NHS warning: What Boris must do to avoid ‘several hundreds of millions’ in new costs

Boris Johnson’s Brexit is set to move ahead, prompting questions about the future of the NHS. Nuffield Trust policy analyst Mark Dayan told that the Prime Minister could help the NHS save “several hundred million pounds of extra cost a year” after Brexit if his trade deal with the EU contained specific mandates. Mr Dayan used a comparison with the previous Tory leader’s deal to explain.

He told “Theresa May’s Brexit deal set a course for a medium hard Brexit.

“It was one where we may have stayed in the customs union to some extent, but we were leaving the single market.

“It would have erected some barriers for people trying to get medicine and medical devices and other products the NHS needs in and out of the country.

“In other areas, there wouldn’t have been those barriers.”

Mr Dayan continued: “Now, Boris Johnson’s deal seems to set the course for a harder Brexit.

“Although we’ve not settled on what it will look like quite yet, that’s still to be negotiated.

“That means those barriers will tend to be that little bit higher.

“So costs will be somewhat higher than what they would have been under Theresa May’s Brexit deal.”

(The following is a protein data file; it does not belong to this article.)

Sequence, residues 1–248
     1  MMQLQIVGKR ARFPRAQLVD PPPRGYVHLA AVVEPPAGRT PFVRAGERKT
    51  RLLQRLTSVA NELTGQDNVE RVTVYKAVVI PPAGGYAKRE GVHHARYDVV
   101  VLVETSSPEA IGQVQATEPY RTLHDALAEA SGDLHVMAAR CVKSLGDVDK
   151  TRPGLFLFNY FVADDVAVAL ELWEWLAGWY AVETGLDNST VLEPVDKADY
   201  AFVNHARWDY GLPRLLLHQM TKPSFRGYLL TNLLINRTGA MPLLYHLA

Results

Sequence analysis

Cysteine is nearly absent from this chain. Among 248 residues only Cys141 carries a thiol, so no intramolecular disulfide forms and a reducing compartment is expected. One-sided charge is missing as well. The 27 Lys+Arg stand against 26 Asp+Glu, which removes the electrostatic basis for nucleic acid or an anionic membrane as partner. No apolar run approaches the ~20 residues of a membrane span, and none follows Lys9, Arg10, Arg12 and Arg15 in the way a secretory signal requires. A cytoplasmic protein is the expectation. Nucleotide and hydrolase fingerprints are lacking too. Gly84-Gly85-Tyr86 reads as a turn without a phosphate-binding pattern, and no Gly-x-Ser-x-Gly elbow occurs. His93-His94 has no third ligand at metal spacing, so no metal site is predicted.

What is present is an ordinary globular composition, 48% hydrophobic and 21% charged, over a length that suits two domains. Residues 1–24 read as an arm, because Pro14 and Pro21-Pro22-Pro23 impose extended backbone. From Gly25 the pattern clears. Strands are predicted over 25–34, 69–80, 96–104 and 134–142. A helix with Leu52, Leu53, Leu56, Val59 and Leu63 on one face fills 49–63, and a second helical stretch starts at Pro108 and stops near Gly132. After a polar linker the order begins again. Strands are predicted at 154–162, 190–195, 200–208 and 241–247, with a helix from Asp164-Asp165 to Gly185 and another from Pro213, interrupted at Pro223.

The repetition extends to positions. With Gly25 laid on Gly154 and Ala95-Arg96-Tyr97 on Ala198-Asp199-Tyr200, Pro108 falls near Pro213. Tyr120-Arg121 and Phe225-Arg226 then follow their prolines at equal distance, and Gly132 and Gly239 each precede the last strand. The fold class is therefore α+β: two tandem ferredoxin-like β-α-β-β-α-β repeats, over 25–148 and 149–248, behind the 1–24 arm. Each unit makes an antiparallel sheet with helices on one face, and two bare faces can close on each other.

The Nuffield Trust analyst added: “It’s very difficult to give precise figures, probably several hundred million pounds extra cost a year.

“What could help to reduce that would be if we did manage to negotiate with the EU that we keep recognising some of their regulatory processes, inspections and so on, and they did the same for us.

“So negotiations could affect exactly how big that extra cost pressure is for the NHS.”

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When asked about what the future of the NHS looked like, Mr Dayan pointed to “two big strategic issues” for the organisation after Brexit.

“One of those is about pharmaceuticals and medicines and medical devices. At the moment, the UK has a strong pharmaceutical industry and it’s quite an attractive market, in part because it’s inside the European Union so it gives you that free trading access.

“If we don’t have that anymore, how do we persuade and encourage pharmaceutical companies and science clinical trials to stay in this country? What are the incentives that we might be able to give them to stay without just paying more for medicines, which wouldn’t benefit the NHS?

“The other issue to be sorted out for the long term after Brexit is where we are getting migrant staff from. We’re going to need them for another three or four years, at a minimum, because the staffing gap in the NHS is so big and it takes so long to fill it up with trainees.

“We don’t have to get those staff from the European Union, but if we want to get them from somewhere else, we’re going to have to really relax migrate requirements, particularly around social care, for where they currently are for people outside the EU.”

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